Foundational Theories of Human Development
Theories of human development were initially put forward as trailblazing attempts to understand hitherto unknown aspects of human growth and development. According to Hurst (2020), foundational theories of human development ultimately provided a remarkable basis for assessing mental and psychological development foremost defining tenets of human growth. Foundational theories of human development have since morphed into holistic perspectives on growth; exploring the social, emotional, psychological, and cognitive aspects of this dynamic and multifaceted process. Foundational theories of human development also target an overall improvement in human relations through the explicatory appraisal of human growth, development, and learning abilities. Today, they are projected to improve our knowledge of human behavior, factors influencing human temperament, and the ability to predict future actions based on previous behavioral patterns. Sigmund Freud, Margaret Mahler, and Alfred Adler are highly regarded as leading contributors to human development discourse hence the fundamental nature of conducting a comparative analysis of each of their propositions.
Developmental Models by Freud and Mahler
Sigmund Freud (1856-1939) was a leading contributor to intense debates on developmental models that raged during the first half of the 21st century. As the sole originator of the concept of psychoanalysis as an efficient solution to psychopathology, Freud was a respected authority in neuropathology whose views on human development were destined to captivate scholars and healthcare practitioners alike. Freud, subsequently, introduced a developmental model based on his theory of psychosexual development to explain the process and major phases of human development across the lifespan. Besides, this was a revolutionary attempt since he, primarily, sought to integrate scientific structure into medicine, especially when attempting to interpret the process responsible for human development.
Freud proposed that human development was unquestionably grounded in normative sexual development and, therefore, systematized his model based on five distinct developmental phases. They include the oral, anal, phallic, and genital stages (Sugarman, 2020). The oral stage (0-1-year-old) was described as a period during which oral desire formed the basis of an infant’s sense of gratification due to constant nursing by the mother. Freud proceeded to introduce the anal stage (1-3 years old) as the accompanying phase in human development during which primitive sexual development manifests through psychosexual gratification derived from defecating. On the other hand, the phallic stage (3-6 years old) is predominantly marked by cognizance of primordial sexual pleasure, infant libido (desire), and the potential of psychosexual gratification from genitalia as one of the main erogenous zones. The genital stage (13-18 years old) is Freud’s fifth and last stage of human development. With the onset of mature sexual feelings, children now increasingly seek independence to forge and maintain lasting relations and an avenue to express sexual desires.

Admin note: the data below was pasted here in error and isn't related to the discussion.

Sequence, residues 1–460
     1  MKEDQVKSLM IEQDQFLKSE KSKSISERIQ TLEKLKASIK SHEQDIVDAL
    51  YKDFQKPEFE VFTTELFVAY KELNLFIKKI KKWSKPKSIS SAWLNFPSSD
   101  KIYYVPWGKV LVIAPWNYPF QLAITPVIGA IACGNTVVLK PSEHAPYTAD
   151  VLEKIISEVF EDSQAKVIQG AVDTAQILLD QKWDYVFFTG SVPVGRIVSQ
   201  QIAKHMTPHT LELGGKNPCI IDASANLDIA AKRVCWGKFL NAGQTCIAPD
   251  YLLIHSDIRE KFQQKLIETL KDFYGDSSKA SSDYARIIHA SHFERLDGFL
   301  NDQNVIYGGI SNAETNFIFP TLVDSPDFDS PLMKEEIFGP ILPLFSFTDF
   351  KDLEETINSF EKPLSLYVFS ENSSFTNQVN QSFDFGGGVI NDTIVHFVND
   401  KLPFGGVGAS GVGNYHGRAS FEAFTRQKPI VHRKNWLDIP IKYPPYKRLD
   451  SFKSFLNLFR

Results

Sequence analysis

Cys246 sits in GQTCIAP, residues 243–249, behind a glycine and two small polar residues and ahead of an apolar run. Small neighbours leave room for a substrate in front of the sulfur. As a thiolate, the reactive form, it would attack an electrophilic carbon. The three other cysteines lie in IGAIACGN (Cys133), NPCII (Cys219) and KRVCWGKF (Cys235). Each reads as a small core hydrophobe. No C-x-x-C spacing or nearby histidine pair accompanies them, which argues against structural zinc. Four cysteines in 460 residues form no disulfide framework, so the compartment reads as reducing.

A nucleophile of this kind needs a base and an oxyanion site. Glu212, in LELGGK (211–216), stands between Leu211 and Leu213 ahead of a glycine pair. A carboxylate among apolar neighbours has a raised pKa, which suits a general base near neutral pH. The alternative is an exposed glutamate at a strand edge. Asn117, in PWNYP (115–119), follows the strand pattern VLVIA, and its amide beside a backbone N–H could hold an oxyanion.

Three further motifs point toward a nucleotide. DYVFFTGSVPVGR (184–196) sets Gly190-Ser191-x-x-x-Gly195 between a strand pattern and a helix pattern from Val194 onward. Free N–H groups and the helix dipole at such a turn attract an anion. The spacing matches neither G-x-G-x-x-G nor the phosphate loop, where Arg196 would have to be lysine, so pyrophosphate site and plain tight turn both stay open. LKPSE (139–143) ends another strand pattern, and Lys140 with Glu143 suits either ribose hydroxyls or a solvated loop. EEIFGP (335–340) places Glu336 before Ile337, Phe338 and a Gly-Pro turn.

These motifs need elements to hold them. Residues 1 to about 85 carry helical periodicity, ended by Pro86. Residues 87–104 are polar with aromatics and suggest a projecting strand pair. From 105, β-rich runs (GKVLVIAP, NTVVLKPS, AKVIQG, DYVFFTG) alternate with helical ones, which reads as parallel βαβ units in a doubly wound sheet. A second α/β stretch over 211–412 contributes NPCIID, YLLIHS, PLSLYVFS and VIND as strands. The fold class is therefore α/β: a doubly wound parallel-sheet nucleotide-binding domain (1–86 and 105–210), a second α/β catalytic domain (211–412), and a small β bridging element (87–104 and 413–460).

Margaret Mahler (1897-1985) was also a notable contributor to the long-standing debate on the process of human development. The Hungarian-American psychiatrist proposed a model of human development grounded in a proposition identified as the Separation-Individual theory of child development. Furthermore, it is founded on the so-called discipline of “ego psychology” and mainly sought to improve the scholarly understanding of prevailing notions on human development (McDevitt, 2015). Mahler suggested that the successful completion of major developmental phases during formative periods of human development occasioned separation and individuation. Additionally, Mahler’s model of human development was based on three main phases; the normal autistic, normal symbiotic, and separation-individual stages. During the normal autistic phase (0-1 month), the infant is disinterested in external stimuli and mainly focuses on themselves. The normal symbiotic (1-5 months) then begins with the infants’ inexplicit awareness of the mother based on a need-satisfaction basis. This ultimately culminates in the separation-individual phase (5-24 months) during which children start to understand the concept of boundaries, in addition to making a final transition to overlapping realms.